By Erica Wright
The Birmingham Times
Access to quality health care in rural areas is not just something Chante Ruffin, M.D., talks about—it’s something she works to deliver.
Ruffin is the founder and director of Heritage Pediatrics, a clinic in Alexander City, Alabama, which she opened in 2019.
“There are not a lot of health care options and we need more doctors in our underserved communities; that’s one of the reasons I decided to settle in Alexander City after my residency was over,” she said. “You’re not going to go there unless you want to go there.”
As a doctor, Ruffin, 40, is familiar with small towns, and that’s what helped her eventually open own clinic. While working briefly at a clinic in Sylacauga, Alabama, she reached out to friends from medical school and started getting ideas about opening her own practice. After her mother passed away in March 2018, Ruffin put her all into establishing her clinic, and she had a lot of support from people in Alexander City who helped her with a timeline of things to work on each month. She got approved for a loan and opened Heritage Pediatrics in December 2019 at Alexander City’s Russell Medical Center.
“I had a lot of people rooting for me,” she said. “I feel like it was all a part of God’s plan, and that is what made it easy for me. Having already been in this town for eight or nine years, I knew the patients would come and see me, so the transition wasn’t hard at all.”
Ruffin sees about 15 patients a day and provides pediatric services for children with attention deficit hyperactivity disorder (ADHD), depression, minor injuries, common colds, and other health-related issues. She has a staff of three full-time employees, a nurse, medical assistant, and a receptionist. When COVID-19 hit in March, she and her team had to adapt.
“Patients were afraid to come into the office because they had a fear of getting sick, so we did some educational videos on our Facebook page to show how we’re handling operations at the office, separating sick and well visits,” she said. “We were down for only about three weeks in our patient numbers, but they picked back up. With my office being located in the hospital, all patients are screened before they enter the building, and each one is given a mask before they even get to me.”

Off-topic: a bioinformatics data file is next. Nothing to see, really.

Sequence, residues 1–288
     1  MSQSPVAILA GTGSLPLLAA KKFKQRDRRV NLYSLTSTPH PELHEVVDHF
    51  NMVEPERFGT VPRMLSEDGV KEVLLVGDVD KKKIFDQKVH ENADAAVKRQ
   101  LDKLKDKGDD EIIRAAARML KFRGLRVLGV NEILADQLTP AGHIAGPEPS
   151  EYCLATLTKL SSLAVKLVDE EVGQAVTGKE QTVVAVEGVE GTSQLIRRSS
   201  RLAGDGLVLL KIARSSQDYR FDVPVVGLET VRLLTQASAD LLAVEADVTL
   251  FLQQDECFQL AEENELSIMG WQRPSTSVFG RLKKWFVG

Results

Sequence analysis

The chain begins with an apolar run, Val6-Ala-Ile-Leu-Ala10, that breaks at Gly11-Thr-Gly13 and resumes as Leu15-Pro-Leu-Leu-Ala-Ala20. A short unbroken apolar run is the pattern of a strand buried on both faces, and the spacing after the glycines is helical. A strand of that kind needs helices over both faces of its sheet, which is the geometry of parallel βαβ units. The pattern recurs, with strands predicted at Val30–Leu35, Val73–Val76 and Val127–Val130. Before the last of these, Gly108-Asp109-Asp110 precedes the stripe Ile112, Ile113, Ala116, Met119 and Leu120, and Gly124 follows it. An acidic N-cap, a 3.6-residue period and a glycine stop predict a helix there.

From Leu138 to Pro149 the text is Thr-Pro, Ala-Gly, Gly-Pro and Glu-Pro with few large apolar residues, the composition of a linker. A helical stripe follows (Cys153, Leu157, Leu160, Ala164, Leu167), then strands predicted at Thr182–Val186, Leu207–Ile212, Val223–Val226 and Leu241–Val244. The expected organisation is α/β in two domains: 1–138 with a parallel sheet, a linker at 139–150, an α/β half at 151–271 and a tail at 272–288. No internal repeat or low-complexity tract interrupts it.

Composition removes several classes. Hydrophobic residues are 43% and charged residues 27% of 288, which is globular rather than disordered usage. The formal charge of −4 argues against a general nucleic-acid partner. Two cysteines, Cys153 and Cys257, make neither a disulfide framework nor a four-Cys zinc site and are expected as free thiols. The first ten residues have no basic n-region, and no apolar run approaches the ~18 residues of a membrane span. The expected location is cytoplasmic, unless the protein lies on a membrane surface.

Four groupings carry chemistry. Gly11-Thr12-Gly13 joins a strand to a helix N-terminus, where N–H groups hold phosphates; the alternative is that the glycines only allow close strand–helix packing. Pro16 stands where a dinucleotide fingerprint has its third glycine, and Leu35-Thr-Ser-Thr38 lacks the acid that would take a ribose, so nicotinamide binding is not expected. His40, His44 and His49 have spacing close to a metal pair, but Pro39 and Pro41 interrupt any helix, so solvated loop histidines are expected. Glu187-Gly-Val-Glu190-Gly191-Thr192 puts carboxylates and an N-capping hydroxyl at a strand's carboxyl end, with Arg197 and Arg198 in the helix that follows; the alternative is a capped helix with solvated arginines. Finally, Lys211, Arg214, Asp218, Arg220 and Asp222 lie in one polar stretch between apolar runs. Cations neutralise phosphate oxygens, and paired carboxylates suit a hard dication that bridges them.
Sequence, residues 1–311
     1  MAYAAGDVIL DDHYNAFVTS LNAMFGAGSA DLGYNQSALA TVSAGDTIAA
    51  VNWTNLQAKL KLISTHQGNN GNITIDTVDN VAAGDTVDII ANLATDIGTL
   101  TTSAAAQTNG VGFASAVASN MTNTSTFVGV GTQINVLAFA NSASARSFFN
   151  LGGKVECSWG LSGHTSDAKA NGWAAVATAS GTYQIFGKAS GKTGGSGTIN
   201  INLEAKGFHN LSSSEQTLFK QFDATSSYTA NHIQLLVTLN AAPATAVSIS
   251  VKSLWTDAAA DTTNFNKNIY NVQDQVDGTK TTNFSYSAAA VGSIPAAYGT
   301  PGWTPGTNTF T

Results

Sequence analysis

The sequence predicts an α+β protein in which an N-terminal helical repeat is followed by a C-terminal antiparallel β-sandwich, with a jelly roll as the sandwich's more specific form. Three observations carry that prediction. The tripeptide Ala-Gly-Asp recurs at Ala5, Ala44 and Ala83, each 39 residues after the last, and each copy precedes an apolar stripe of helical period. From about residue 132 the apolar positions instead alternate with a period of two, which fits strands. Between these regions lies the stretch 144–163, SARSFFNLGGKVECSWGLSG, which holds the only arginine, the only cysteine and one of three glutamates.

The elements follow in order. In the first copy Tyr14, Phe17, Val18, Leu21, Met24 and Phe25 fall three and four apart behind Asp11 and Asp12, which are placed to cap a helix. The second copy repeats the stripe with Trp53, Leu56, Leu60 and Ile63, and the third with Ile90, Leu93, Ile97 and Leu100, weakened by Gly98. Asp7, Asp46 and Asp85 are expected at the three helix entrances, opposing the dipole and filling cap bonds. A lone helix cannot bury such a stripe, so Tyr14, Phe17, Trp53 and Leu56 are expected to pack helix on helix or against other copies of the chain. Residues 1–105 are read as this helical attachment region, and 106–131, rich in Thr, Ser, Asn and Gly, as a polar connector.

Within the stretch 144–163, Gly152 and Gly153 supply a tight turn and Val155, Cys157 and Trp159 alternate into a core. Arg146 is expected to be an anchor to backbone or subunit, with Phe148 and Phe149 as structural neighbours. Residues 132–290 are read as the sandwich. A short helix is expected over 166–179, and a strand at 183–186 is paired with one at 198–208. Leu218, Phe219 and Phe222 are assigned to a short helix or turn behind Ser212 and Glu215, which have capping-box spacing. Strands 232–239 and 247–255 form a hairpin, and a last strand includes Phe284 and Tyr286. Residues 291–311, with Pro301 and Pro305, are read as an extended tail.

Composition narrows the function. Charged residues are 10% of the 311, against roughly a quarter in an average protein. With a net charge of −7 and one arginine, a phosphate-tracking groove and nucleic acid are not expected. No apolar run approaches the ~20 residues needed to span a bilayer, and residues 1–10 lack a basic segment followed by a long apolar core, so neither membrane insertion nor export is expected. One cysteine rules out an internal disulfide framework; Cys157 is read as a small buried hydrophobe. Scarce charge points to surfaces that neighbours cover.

Ruffin was born in Columbiana, Alabama, and her family moved to Birmingham when she was 3 years old; she grew up with her mother, stepfather, and three older siblings. Though she is the youngest child, Ruffin said she wouldn’t consider herself spoiled.
“But I definitely fit the role of annoying little sister because I would tell on my siblings when they would do things,” she recalled.
Ruffin knew at a young age that she wanted to be a pediatrician after a visit to her pediatrician, Robert Smith, M.D., who is still practicing in Birmingham.
“[I remember thinking], ‘This is really cool! This man is a doctor, and this is something I think I can do,’” Ruffin said. “I have always loved being around kids. I was the neighborhood babysitter, and I kept my cousins all the time. That love for kids combined with me liking science a lot in high school is what solidified that decision.”
Ruffin attended Woodlawn High School, where she was active in the marching band, academic societies, math club, and student government association (SGA), and was a straight-A student. She received a full scholarship to Stillman College, a historically black college and university (HBCU) in Tuscaloosa, Alabama, where she majored in biology, pre-med.